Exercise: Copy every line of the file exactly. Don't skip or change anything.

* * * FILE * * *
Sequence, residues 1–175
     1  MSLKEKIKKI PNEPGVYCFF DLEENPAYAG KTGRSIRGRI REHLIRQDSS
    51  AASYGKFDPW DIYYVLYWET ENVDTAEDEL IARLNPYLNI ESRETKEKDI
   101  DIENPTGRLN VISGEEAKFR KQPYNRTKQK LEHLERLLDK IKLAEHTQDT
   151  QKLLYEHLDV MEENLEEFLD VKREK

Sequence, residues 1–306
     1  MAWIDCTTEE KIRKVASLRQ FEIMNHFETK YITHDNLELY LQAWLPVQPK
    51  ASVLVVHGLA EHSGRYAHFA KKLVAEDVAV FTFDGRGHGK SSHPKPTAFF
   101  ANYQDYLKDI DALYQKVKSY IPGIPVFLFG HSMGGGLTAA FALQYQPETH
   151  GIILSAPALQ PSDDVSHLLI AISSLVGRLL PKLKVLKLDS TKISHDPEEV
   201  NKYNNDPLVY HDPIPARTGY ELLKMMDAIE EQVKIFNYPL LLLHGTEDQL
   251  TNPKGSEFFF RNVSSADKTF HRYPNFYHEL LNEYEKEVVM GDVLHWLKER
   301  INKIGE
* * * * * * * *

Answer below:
Sequence, residues 1–175
     1  MSLKEKIKKI PNEPGVYCFF DLEENPAYAG KTGRSIRGRI REHLIRQDSS
    51  AASYGKFDPW DIYYVLYWET ENVDTAEDEL IARLNPYLNI ESRETKEKDI
   101  DIENPTGRLN VISGEEAKFR KQPYNRTKQK LEHLERLLDK IKLAEHTQDT
   151  QKLLYEHLDV MEENLEEFLD VKREK

Sequence, residues 1–306
     1  MAWIDCTTEE KIRKVASLRQ FEIMNHFETK YITHDNLELY LQAWLPVQPK
    51  ASVLVVHGLA EHSGRYAHFA KKLVAEDVAV FTFDGRGHGK SSHPKPTAFF
   101  ANYQDYLKDI DALYQKVKSY IPGIPVFLFG HSMGGGLTAA FALQYQPETH
   151  GIILSAPALQ PSDDVSHLLI AISSLVGRLL PKLKVLKLDS TKISHDPEEV
   201  NKYNNDPLVY HDPIPARTGY ELLKMMDAIE EQVKIFNYPL LLLHGTEDQL
   251  TNPKGSEFFF RNVSSADKTF HRYPNFYHEL LNEYEKEVVM GDVLHWLKER
   301  INKIGE